Williams’s next few efforts were not successful, although his adaptation of The Late Christopher Bean (changed from its New England setting to an English one) received excellent reviews, primarily as the result of Dame Edith Evans’s appearance as Guenny, a Welsh maid. During these years, the playwright continued to act in London and New York and did several film roles as well. In 1935 Night Must Fall established Williams as a major dramatist.
In the introduction to The Collected Plays, Williams remarked, “There was only one living playwright sufficiently interested in my acting to write a part which only I could play. Me!” Because Night Must Fall begins with the Lord Chief Justice’s declaration that the “prisoner is to be hanged by the neck until dead,” the audience, aware of the outcome, can concentrate on the dazzling performance of the psychopathic killer created and played by Williams.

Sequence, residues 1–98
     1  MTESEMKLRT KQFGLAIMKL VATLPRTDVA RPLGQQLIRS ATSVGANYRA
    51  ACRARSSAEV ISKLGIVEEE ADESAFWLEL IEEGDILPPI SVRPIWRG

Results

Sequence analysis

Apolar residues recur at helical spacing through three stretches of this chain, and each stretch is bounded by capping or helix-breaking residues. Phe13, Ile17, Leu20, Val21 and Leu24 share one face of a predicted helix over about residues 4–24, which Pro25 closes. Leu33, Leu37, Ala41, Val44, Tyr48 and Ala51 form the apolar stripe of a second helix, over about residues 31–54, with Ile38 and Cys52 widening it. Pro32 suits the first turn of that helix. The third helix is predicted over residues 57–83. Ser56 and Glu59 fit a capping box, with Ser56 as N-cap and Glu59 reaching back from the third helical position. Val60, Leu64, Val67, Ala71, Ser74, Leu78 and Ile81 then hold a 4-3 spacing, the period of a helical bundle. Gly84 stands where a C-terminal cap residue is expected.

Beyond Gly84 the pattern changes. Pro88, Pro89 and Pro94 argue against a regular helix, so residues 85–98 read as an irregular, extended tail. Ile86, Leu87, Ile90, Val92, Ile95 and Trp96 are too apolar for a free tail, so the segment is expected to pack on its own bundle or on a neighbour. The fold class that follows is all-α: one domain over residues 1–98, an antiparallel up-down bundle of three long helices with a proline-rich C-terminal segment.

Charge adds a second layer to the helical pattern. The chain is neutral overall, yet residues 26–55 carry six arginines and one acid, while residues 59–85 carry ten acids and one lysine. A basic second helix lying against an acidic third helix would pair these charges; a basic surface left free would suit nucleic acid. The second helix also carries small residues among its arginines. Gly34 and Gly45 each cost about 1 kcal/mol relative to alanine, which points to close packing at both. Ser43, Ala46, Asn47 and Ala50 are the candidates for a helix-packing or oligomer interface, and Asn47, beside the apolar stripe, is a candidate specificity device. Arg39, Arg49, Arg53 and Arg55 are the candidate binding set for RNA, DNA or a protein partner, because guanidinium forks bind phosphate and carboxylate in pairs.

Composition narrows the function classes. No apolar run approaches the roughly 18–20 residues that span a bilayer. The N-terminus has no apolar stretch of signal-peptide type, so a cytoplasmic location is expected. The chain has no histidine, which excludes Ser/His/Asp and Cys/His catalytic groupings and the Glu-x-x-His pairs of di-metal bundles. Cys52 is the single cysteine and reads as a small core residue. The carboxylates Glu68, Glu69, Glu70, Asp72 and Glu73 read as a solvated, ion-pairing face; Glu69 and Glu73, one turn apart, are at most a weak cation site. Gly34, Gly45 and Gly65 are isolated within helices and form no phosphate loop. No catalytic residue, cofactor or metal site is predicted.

Dan, a pageboy at a resort in Essex, uses his affair with Mrs. Bramson’s maid, Dora, as an excuse to move into the Bramson cottage, where he soon works his wiles on the elderly hypochondriac. Mrs. Bramson’s niece, Olivia, suspects that he is “acting,” and when the decapitated body of a female guest missing from the hotel is found in the woods nearby, the strange sealed hatbox belonging to Dan takes on more than casual significance. Strangely fascinated, Olivia almost saves Dan, although he has murdered her aunt and threatened her. When Inspector Belsize interrupts Dan’s final act–setting the cottage on fire to cover his crimes–the psychopath feels compelled to confess with much bravado, promising to “give ’em their money’s worth at the trial.” Williams’s fascination with murder and psychopathic murderers makes Night Must Fall a seminal example of the genre.